A “community study” of Minidoka “Nichi Bei



Edited by Susan M. Stacy (Pullman, Wash .: Washington State University Press, 2020, 246 pp., $ 21.95, paperback)

During the May 1995 Symposium Mike Mackey hosted in Powell, Wyo. on the wartime incarceration of Japanese Americans at the nearby Heart Mountain Relocation Center, Mackey toured with Bob Sims (1936-2015) and me around Powell. One topic that we, three non-Nikkei Japanese-American wartime incarceration historians (all indebted to Roger Daniels) discussed on this occasion was our common ardent desire to write a narrative history of an administered concentration camp. by the War Relocation Authority: Mackey of Heart Mountain. , me from Manzanar, Calif. and the Sims from Minidoka, Idaho.

Only Mackey’s dream came true when, in 2000, he published his book “Heart Mountain: Life in Wyoming’s Concentration Camp”. My ambition has been derailed by other more urgent projects. In the case of Sims, as revealed by his widow, Betty Sims, in her superb introductory essay in “An Eye for Justice: Robert C. Sims and Minidoka”, the main stumbling block to achieving her goal was “serious health problems for the last twenty years of his life” (p. xx).

It is therefore entirely appropriate that Susan Stacy eagerly responded to Betty Sims’ request, following her husband’s death from prostate cancer, to review the records on her behalf established by her family at Boise State University – made up of historical records amassed by Sims at the Minidoka Relocation Center for 40 years – before determining how best to make available to posterity his exemplary achievement as a leading Minidoka scholar. What emerged from this process was the expertly edited book by Stacy here under review, filled with strategically placed maps, photos and illustrations, relevant appendices, and a useful bibliography of sources.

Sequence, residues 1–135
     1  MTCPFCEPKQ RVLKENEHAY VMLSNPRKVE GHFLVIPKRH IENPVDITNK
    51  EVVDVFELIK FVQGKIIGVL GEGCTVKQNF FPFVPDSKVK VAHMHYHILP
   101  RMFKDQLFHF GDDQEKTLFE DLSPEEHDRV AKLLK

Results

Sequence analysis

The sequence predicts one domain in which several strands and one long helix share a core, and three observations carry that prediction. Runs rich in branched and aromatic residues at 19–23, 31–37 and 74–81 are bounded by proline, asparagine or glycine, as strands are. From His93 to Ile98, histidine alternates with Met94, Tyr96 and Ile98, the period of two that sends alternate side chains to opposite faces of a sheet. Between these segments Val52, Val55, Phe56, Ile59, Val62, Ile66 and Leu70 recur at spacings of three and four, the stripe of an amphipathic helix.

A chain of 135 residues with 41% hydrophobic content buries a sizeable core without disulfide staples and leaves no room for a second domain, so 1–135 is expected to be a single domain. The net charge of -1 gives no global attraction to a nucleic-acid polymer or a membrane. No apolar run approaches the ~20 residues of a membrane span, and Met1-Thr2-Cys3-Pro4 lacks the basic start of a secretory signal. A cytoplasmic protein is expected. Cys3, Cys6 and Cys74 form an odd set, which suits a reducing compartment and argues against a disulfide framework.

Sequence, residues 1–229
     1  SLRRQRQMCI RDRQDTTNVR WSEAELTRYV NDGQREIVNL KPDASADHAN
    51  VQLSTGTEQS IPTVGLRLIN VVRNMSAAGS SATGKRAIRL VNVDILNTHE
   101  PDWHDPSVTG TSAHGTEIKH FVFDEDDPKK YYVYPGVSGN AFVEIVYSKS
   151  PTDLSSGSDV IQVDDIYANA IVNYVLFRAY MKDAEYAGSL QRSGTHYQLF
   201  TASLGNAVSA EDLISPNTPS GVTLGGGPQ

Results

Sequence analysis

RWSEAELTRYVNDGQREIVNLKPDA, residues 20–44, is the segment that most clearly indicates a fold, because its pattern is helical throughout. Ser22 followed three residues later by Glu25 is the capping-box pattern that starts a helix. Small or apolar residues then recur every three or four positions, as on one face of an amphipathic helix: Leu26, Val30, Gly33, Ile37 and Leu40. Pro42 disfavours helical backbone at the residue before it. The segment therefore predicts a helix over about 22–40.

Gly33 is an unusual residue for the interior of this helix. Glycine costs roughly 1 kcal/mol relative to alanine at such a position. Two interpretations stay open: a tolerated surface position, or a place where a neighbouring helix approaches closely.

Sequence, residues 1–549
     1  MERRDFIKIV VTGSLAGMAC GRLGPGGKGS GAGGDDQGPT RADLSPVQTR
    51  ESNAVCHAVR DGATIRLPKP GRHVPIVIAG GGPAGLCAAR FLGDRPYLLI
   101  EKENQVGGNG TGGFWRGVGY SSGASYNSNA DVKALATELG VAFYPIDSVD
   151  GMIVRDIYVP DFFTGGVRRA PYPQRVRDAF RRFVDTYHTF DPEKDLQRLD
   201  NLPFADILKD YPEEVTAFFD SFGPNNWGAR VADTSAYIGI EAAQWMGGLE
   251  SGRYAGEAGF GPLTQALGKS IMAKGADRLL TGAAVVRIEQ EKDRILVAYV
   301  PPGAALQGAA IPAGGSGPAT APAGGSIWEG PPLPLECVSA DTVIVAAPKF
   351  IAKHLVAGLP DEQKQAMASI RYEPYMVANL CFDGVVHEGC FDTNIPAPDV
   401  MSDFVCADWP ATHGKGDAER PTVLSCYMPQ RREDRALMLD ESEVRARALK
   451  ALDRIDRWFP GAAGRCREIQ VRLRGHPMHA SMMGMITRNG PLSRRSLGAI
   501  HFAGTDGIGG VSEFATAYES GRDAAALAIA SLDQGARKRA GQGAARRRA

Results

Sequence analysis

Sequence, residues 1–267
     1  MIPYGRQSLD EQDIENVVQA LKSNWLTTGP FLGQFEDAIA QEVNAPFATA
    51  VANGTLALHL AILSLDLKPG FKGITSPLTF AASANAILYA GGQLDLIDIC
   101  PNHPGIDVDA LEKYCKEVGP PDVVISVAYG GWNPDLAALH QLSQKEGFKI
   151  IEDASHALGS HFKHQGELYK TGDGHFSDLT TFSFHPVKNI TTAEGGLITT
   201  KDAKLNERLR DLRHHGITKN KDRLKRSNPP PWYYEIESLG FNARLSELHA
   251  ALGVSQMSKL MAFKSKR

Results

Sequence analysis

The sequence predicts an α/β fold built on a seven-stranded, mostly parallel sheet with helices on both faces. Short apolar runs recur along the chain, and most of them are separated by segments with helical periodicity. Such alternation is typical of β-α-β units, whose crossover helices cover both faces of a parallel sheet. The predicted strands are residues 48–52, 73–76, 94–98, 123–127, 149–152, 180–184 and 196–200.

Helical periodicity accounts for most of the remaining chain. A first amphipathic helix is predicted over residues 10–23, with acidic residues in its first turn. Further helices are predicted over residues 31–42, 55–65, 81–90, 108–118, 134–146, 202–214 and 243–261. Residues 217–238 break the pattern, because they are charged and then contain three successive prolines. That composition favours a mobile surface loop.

The lion’s share of “An Eye for Injustice” is the first part of this three-part volume spanning 160 pages. The Sims articles and lectures in this section pay almost equal attention to the American-Japanese experience in Idaho, evidenced by the xenophobic, racist, and hypocritical actions of Chase Clark (both as governor of state and as a federal judge), as they do for the Nikkei population imprisoned in Minidoka. All of these articles bear witness to Bob Sims’ intense dedication to human decency, multiculturalism, civil liberties and social justice. In addition, they are embodied in his membership of the board of directors of the Friends of Minidoka, his central role in the establishment by this group of an annual conference.

Minidoka Civil Liberties Symposium, and its strategic efforts on behalf of Minidoka being designated as a unit of the National Park Service.

Luckily, Susan Stacy saw fit to include in “An Eye for Injustice” how Bob Sims envisioned the book on Minidoka that he would never write: “A community study … analyzing the history of the group since its forced withdrawal from their homes, through… the assembly centers (Puyallup and North Portland)…, the experience of the war in the camp and the variety of resettlement experiences, and finally, the return to the West Coast and efforts to establish their old “communities”. (p. 143).

The prodigious editorial gift that Stacy has offered to potential readers is to create a book as true to this vision as possible.

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